Sebi widens probe into GDR misuse for routing black money2 min read . Updated: 03 Apr 2017, 08:30 PM IST
Sebi is investigating the role of over 50 individuals and companies involved in fraudulent activities in issuance and redemption of Global Depository Receipts (GDRs)
New Delhi: The Securities and Exchange Board of India ( Sebi) has widened probe into suspected misuse of Global Depository Receipts (GDRs) instruments for routing black money back to India and is investigating the role of over 50 individuals and companies.
Sebi has found prima-facie evidence of these entities having been involved in fraudulent activities in issuance and redemption of GDRs and has issued show-cause notices to them, a senior official said. These entities, including listed firms as well as their promoters, top management and associates, will be called by the capital markets regulator Sebi for personal hearings in the coming weeks, which would be taken into account by it before the final order. The official declined to disclose any names, as the investigation is currently underway.
Amid a tight vigil by various regulators and agencies on all possible ways for routing of black money, Sebi has found large-scale misuse of GDRs for bringing back suspected illicit funds stashed abroad. While Sebi has already clamped down on some entities for such manipulations, many others have now come under the scanner for similar offences.
The modus-operandi typically involves creating an intricate web of entities in various jurisdictions including Switzerland, Hong Kong, Singapore, Mauritius, Dubai and Canada, for multi-layered transfers of funds before bringing them back to India.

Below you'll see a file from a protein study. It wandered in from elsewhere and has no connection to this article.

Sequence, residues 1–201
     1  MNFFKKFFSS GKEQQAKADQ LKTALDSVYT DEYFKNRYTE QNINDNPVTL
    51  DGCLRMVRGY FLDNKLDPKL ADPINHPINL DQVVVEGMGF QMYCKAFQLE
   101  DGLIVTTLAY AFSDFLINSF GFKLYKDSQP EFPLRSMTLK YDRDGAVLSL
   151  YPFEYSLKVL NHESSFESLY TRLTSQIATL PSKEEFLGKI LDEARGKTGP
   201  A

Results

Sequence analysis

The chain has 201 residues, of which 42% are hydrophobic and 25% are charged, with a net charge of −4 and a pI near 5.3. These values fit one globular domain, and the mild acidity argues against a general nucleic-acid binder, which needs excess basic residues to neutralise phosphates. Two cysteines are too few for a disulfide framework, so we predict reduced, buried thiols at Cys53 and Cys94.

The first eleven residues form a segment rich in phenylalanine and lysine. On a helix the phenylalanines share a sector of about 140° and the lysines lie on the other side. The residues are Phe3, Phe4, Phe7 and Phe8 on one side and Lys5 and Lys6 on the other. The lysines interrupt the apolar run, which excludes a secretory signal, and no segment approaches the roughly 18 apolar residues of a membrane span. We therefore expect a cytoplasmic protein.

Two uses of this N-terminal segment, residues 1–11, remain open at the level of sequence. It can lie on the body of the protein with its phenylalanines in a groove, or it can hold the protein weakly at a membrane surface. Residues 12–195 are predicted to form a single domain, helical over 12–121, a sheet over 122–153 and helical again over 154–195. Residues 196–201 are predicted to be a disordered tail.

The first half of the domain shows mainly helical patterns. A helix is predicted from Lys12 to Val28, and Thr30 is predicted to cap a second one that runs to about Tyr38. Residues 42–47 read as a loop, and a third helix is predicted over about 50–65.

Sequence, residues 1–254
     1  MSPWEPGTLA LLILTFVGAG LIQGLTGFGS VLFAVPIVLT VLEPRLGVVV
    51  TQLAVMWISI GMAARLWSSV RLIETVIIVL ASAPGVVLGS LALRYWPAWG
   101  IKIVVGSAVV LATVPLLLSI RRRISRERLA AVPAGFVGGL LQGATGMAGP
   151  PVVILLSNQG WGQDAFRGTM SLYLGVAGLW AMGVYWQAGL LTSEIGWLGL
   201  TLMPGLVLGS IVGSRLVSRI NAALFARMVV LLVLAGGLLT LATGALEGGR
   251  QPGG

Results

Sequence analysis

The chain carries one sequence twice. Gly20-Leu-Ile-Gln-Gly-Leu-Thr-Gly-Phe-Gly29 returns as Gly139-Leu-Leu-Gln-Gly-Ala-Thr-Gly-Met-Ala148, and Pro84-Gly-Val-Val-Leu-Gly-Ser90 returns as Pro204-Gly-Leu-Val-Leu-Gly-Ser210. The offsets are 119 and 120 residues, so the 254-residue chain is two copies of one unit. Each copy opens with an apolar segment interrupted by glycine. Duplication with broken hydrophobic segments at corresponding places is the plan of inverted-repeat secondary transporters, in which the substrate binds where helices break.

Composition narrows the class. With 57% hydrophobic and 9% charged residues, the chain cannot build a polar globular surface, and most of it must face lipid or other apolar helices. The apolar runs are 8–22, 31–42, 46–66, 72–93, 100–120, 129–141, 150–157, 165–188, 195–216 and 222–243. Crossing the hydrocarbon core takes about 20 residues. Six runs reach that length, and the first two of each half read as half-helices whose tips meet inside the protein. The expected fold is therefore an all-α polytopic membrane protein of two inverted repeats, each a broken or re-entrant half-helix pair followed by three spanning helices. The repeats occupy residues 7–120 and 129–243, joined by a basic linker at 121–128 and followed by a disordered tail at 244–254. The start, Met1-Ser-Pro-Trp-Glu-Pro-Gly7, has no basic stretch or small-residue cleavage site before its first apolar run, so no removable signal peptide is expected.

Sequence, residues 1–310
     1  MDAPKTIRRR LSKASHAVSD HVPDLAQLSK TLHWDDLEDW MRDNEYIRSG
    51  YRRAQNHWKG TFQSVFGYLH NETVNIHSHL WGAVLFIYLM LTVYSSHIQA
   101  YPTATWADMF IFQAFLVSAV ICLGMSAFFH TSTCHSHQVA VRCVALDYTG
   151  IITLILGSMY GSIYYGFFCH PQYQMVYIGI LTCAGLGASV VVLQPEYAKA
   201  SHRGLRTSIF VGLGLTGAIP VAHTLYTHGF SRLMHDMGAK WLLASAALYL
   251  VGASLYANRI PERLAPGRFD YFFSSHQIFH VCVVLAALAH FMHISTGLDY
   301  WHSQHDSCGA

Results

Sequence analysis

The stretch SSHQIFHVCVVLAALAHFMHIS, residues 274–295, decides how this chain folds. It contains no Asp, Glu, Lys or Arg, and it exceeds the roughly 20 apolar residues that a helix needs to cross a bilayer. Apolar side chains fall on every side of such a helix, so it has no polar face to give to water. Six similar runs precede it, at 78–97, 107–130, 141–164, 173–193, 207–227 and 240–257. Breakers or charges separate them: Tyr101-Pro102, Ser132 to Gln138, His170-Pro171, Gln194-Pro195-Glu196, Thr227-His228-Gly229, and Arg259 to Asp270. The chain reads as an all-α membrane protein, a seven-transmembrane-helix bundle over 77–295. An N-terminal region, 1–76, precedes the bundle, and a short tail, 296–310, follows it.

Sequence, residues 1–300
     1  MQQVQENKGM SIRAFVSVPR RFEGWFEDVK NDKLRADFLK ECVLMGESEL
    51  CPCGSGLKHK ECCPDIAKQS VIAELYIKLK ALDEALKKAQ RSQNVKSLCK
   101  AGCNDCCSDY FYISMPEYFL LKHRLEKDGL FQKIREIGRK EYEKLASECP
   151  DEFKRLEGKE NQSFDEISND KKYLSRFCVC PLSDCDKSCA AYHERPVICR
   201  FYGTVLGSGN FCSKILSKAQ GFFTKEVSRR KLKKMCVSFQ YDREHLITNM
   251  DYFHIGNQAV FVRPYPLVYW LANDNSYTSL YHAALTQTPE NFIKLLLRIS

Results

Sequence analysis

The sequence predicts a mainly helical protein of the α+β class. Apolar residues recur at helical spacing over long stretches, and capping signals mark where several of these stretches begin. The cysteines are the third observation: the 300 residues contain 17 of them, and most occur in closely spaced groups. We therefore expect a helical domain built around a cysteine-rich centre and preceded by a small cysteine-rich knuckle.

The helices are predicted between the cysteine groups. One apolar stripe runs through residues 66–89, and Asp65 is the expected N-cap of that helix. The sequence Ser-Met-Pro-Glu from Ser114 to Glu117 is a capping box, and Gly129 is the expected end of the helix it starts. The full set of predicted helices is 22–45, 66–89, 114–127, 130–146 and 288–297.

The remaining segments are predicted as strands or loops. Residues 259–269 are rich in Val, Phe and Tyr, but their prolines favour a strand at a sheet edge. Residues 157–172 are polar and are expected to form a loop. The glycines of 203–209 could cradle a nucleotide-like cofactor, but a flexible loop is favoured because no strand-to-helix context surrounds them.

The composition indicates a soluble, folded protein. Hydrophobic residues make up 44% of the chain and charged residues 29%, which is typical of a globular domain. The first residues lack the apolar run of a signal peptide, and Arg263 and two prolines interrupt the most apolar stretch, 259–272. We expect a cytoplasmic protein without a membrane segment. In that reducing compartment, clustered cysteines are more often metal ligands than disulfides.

GDR is a popular financial instrument used by listed companies in India, as also in many other countries, to raise funds denominated mostly in US dollar or euros. Typically, GDRs are bank certificates issued in more than one country for shares of a company, which are held by a foreign branch of an international bank. While shares trade on a domestic stock exchange, which happens to be in India in the present case, they can be offered for sale globally through the empanelled bank branches.
In the case under scanner, it has been noticed that the companies have shown raising funds without actually involving real investors, hinting at possible routing of black money. Besides, links have emerged in some cases between the entities linked to the issuer company and those from whose accounts such funds get transferred in the name of fictitious investors. For further transfer of funds, purportedly raised through GDRs, the companies show fictitious business dealings and several bank accounts are used before the money reaches the final beneficiaries.
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People aware of the development said that the capital markets watchdog has come across quite a few cases where GDR route could have been used for round-tripping of funds in the name of capital-raising activities of listed companies from abroad. The issue has also been flagged by some other agencies while probing financial matters.
Rounding tripping of funds has been a major route for those laundering black money. It typically involves an entity transferring an asset or funds, in the name of a business deal, with an agreement to buy it back. Such practices also involve inflating the size of business transactions without making any real profits and are undertaken mostly to transfer illicit funds or other such assets.
Besides GDRs, the regulatory and other agencies are already probing the suspected misuse of stock markets within India to evade taxes and launder money through trading in companies that mostly exist on paper.
Sebi is focusing on securities market related violations by these individuals and companies, who have evaded taxes and converted black money into ‘legitimate-looking’ funds, by creating fictitious gains or losses in the stock market.